In case there was any doubt: The Democratic presidential primary is officially a race. Bernie Sanders, whose West Coast tour has drawn crowds approaching 30,000, now leads Hillary Clinton 44-37 among likely Democratic voters in New Hampshire, according to a new Boston Herald poll. That's compared to Clinton's 44-8 advantage in a Herald poll in March.
This is big news for Sanders. As New Hampshire hosts the first open primary of the cycle, winning the state can boost underdogs, and losing it can derail contenders. But history shows that winning the state means very little when it comes to winning the nomination.
A number of candidates who lost in the Granite State landed atop the party's ticket—including the last three presidents. Take a look:
- Barack Obama lost to Hillary Clinton in 2008.
- George W. Bush lost to Senator John McCain in 2000.
- Bob Dole lost to talk-radio personality Pat Buchanan in 1996.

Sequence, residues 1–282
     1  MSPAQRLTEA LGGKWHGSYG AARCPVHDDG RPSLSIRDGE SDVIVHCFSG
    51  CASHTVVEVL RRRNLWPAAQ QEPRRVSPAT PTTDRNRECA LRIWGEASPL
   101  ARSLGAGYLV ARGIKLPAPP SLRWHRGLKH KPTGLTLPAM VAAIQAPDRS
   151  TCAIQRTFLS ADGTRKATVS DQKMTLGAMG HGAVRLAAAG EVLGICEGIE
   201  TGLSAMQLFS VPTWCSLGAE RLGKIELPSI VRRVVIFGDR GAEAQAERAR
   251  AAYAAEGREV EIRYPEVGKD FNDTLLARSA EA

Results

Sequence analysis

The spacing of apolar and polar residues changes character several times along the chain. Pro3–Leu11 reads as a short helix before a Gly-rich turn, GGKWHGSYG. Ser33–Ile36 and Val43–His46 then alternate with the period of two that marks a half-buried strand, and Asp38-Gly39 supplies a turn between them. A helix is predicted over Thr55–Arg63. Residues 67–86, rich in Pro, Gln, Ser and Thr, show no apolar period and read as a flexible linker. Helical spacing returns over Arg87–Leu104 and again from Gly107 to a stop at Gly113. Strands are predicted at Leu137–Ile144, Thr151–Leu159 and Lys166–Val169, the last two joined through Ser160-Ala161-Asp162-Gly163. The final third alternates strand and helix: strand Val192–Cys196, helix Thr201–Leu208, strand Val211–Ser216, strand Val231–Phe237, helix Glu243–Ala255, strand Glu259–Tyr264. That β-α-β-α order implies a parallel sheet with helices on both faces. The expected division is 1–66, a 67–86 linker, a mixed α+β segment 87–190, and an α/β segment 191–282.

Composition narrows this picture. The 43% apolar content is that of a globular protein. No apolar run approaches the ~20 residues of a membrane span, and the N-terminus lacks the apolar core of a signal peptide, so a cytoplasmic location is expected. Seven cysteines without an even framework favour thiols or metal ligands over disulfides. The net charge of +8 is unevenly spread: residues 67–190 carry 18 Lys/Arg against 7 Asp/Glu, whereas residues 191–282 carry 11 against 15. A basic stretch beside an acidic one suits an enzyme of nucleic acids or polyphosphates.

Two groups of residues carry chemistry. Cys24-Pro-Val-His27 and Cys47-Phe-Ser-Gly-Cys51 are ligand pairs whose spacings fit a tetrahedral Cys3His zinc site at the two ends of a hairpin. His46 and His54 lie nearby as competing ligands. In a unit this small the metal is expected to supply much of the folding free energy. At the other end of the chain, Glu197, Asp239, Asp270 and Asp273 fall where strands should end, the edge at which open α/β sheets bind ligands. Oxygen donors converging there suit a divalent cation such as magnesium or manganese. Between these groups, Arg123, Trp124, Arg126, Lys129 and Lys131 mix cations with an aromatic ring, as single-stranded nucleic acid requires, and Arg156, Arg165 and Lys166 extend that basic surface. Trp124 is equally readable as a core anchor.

- Bill Clinton lost to former Massachusetts state Senator Paul Tsongas in 1992.
- Walter Mondale lost to Colorado Senator Gary Hart in 1984.
- George McGovern lost to Maine Senator Edward Muskie in 1972.
- Barry Goldwater lost to Ambassador Henry Cabot Lodge, Jr,—a write-in candidate—in 1964.
- In 1952 and 1956, Adlai Stevenson lost to Tennessee Senator Estes Kefauver, who in 1956 would become his running mate.
Don't be surprised if Sanders ends up taking New Hampshire. As local Rob Greene reported in the New Republic in June—when Clinton's lead was just 41-31—Sanders's "aversion to bullshit resonates with the no-nonsense Yankees." "Politically, we are an ornery lot," a Nashua resident told Greene. "We relish the opportunity to challenge the media’s tired parade of the same political elite. We have always hated being told who to vote for.”
But New Hampshirites are a unique lot in this respect. They're also 94.2 percent white, and minority voters will be crucial to winning in 2016. Sanders, who hails from a similarly white state and has had a prickly relationship with Black Lives Matter, trails Clinton overwhelmingly in that department.